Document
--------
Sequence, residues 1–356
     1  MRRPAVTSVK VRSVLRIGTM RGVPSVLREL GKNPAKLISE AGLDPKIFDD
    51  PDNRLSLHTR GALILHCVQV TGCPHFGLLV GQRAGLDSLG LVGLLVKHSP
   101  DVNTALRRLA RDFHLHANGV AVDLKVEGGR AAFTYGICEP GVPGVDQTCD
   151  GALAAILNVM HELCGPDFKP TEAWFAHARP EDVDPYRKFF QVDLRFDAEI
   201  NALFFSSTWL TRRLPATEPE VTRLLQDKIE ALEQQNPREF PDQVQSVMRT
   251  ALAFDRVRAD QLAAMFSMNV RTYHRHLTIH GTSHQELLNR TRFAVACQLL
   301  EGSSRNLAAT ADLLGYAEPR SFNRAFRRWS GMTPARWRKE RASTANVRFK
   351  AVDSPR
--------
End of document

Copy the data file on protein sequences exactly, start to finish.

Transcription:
Sequence, residues 1–356
     1  MRRPAVTSVK VRSVLRIGTM RGVPSVLREL GKNPAKLISE AGLDPKIFDD
    51  PDNRLSLHTR GALILHCVQV TGCPHFGLLV GQRAGLDSLG LVGLLVKHSP
   101  DVNTALRRLA RDFHLHANGV AVDLKVEGGR AAFTYGICEP GVPGVDQTCD
   151  GALAAILNVM HELCGPDFKP TEAWFAHARP EDVDPYRKFF QVDLRFDAEI
   201  NALFFSSTWL TRRLPATEPE VTRLLQDKIE ALEQQNPREF PDQVQSVMRT
   251  ALAFDRVRAD QLAAMFSMNV RTYHRHLTIH GTSHQELLNR TRFAVACQLL
   301  EGSSRNLAAT ADLLGYAEPR SFNRAFRRWS GMTPARWRKE RASTANVRFK
   351  AVDSPR